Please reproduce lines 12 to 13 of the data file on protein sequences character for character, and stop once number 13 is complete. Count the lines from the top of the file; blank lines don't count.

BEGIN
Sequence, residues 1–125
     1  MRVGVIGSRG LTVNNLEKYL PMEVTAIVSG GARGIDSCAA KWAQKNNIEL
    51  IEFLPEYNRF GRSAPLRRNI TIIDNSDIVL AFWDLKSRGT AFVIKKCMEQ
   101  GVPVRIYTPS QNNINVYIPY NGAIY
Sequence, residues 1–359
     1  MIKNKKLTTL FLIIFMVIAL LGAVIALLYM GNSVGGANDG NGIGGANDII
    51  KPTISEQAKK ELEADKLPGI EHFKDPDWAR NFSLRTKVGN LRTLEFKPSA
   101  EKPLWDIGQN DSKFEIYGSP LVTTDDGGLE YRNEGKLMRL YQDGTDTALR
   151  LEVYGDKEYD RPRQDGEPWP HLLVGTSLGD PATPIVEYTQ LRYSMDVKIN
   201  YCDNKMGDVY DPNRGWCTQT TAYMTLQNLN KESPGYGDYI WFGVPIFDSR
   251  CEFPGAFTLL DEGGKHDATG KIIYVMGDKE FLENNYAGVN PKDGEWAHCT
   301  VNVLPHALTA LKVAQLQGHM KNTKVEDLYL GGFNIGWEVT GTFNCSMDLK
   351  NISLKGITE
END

   301  VNVLPHALTA LKVAQLQGHM KNTKVEDLYL GGFNIGWEVT GTFNCSMDLK
   351  NISLKGITE